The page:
AS 2023 general elections beckon, Zimbabweans from across the political divide are hoping for peaceful, free and fair polls that usher a leadership reflective of the people’s will.
In cross-cutting interviews conducted by NewZimbabwe.com, the clergy, civil society leaders and the general populace called for calm as a peaceful environment is an enabler for economic, social and political development.
The country is already in election mode and merely waiting for presidential proclamation of official dates.
Senator Chief Ngezi said now that the nation was heading towards elections, there was need for citizens to heed call for peace to prevail before, during and after the plebiscites.
“President Mnangagwa remains our beacon of peace now that we are in an election phase. As traditional leaders, we are saying let’s embrace each other, shun hate speech.
“Let the campaigns be peaceful in nature as we must know that an election comes and goes, so violence will not yield any positive results since after elections we will be brothers and sisters like what we were before,” he said.
Zanu PF Mashonaland West Provincial Secretary for Adminstration, Misheck Nyarubero echoed the same sentiments saying stability should be exhibited before during and after the harmonised elections.
“Let’s adopt a bold stance against violence and in the process shame detractors and critics who are bent on tarnishing the image of the country whenever the country goes to elections.
“We must be very careful as our detractors remain persistent in their persuit of illegal regime change agenda.
“They continue to inflict harm our country through illegal sanctions,” said Nyarubero.
Looklife Zvaraveshe, Zanu PF Provincial Youth Executive Member, called on young people to tolerate each other.
“As youth we must be at the forefront championing peace, tolerate each other despite political difference a call by his Excellency President Mnangagwa,” he said.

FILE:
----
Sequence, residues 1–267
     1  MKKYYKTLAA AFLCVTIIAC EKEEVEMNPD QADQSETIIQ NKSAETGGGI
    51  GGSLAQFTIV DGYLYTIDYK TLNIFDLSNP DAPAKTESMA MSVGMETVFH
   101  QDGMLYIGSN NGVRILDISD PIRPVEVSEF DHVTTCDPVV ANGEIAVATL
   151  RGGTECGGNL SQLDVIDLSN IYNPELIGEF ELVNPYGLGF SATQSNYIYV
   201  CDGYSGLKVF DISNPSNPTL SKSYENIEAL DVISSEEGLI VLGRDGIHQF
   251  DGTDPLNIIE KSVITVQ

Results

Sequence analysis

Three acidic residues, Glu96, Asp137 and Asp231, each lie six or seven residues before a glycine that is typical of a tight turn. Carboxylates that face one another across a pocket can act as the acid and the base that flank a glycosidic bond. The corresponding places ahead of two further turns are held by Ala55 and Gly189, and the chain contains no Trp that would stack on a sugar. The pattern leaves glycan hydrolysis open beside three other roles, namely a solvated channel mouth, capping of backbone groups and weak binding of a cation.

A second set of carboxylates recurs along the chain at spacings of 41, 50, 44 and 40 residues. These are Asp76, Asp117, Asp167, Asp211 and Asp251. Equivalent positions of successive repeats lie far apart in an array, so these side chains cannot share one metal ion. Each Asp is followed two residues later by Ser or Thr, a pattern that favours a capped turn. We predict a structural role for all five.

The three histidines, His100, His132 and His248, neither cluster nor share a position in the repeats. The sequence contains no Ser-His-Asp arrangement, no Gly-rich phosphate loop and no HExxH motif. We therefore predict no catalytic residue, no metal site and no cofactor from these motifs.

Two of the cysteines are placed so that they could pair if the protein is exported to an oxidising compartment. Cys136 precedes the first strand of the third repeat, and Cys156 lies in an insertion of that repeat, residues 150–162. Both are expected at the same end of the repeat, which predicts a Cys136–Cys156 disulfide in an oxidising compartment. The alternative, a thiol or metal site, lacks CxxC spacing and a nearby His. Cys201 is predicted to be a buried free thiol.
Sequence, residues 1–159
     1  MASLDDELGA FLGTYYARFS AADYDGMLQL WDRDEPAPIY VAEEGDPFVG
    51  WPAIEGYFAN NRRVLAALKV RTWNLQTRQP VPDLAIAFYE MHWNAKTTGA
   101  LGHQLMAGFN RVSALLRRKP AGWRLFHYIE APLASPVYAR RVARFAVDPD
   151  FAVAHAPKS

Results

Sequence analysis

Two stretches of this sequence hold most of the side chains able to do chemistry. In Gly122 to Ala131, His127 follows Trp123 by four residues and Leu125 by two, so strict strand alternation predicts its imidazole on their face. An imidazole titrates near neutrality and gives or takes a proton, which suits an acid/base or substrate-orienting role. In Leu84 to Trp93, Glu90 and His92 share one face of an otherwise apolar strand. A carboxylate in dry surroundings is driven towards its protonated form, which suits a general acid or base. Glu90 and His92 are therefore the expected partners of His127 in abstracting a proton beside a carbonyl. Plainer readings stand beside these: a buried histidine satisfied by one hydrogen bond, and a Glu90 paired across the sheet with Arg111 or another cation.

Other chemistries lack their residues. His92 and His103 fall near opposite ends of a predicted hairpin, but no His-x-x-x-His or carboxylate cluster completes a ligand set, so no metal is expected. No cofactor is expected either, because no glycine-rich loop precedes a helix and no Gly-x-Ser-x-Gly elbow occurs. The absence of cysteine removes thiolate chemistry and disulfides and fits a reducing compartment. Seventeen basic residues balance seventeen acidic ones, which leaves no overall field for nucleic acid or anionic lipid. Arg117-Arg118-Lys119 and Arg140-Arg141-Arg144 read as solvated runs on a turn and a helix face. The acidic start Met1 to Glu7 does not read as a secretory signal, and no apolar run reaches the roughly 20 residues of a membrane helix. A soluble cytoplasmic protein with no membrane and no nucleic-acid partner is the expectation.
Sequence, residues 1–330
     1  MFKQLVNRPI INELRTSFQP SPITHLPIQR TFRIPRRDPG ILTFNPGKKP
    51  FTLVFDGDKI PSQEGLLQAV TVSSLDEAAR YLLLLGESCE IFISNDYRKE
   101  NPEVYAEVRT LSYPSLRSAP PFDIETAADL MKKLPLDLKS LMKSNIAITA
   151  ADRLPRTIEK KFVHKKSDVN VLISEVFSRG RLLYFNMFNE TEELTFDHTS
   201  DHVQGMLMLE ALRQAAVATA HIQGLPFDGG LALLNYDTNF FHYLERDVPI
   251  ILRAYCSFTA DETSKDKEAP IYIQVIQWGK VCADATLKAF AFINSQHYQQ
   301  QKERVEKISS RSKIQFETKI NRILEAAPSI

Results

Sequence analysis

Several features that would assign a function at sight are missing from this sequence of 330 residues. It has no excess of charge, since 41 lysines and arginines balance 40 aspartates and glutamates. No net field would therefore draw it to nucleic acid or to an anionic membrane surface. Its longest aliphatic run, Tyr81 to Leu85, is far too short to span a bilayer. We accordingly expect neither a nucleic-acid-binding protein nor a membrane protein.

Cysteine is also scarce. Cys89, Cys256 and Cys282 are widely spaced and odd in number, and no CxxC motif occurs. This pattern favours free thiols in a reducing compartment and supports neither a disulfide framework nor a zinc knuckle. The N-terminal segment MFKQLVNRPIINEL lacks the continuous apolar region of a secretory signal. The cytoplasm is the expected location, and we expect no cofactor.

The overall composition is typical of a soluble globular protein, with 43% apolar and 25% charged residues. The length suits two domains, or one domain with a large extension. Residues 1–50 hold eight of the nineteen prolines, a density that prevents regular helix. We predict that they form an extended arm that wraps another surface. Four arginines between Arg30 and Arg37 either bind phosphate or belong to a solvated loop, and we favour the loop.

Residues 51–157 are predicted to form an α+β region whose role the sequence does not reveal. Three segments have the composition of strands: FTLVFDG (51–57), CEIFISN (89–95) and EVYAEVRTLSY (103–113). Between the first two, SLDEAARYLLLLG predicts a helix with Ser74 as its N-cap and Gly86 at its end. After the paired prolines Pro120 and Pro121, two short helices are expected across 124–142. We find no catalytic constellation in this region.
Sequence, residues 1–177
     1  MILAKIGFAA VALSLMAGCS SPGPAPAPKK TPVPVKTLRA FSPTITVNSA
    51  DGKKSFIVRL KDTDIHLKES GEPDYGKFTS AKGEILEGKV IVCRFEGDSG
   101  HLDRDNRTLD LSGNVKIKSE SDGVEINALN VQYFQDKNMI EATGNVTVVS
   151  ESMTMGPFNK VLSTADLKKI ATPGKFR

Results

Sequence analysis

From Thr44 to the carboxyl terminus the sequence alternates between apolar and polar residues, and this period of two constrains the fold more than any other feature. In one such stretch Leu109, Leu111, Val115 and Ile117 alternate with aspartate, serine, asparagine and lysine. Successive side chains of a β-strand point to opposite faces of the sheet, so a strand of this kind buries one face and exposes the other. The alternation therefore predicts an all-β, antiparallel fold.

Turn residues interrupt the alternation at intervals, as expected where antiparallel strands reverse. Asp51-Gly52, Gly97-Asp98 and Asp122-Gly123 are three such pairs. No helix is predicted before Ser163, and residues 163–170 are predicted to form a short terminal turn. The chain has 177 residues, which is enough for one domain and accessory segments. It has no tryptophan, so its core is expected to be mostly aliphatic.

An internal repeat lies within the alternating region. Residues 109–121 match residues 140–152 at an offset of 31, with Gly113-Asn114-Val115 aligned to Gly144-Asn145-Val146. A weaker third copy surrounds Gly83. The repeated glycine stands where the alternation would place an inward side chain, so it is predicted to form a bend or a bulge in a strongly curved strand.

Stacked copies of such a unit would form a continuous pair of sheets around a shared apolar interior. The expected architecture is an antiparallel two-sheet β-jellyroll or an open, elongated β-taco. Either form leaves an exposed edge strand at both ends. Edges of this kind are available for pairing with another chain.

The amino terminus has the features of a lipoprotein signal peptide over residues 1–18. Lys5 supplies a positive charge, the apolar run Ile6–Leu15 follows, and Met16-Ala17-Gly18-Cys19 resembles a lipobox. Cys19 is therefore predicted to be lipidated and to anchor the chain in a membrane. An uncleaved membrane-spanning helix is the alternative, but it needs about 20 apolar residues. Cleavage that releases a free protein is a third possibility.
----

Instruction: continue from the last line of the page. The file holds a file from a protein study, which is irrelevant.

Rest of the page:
Pan African Chamber of Commerce board member, Langton Mabhanga insisted on the need to uphold a peaceful environment the country was enjoying inorder to safeguard the different facets of development the country has witnessed.
“Now that we are in the year of a national plebscite to determine leaders who will steward us from local authority, parliamentary, Senatorial and to Presidential level, there is an umuntu song of Zimbabwe that I am because we are and that my humanity is underpinned by another humanity.
“Our interdependence and inter-connectedness as a people should foster an inherent (unity) between and amongst us,” he said.
Mabanga added that a lot has been unitedly achieved during tenure of the incumbent government and that spirit needs to be maintained.
Mabhanga pointed out that the gains of independence were not meant to divide people.
“We can uphold 2023 harmonised elections with the collective responsibility, respect and great honour for our institutions,” added Mabanga.
Evengelical Fellowship of Zimbabwe (EFZ) Chinhoyi District Chapter Chairman, Jacob Mafukidze said the church was there to usher in a culture of peace and make sure the nation holds elections peacefully.
“Elections are a constitutional process that allows a democratic expression of the people of the land to make choose their desired choices into office. This provision is to be safeguarded by a conducive environment setup before, during and after elections.”
Chinhoyi Residents Trust Coordinator, Peter Liwanda said there was need for government to capacitate institutions that support democracy.
“As we are now in 2023 we are calling for peaceful free and fair elections. We call on government to capacitate institutions that support democracy like Zimbabwe Electoral Commission (ZEC), National Peace and Reconciliation Commission (NPRC) and Zimbabwe Human Rights Commission (ZHRC).
“Government must make sure these institutions, ZEC, NPRC and ZHRC have systems in place to prevent political violence and to give remedies where political violations occur,” said Liwanda.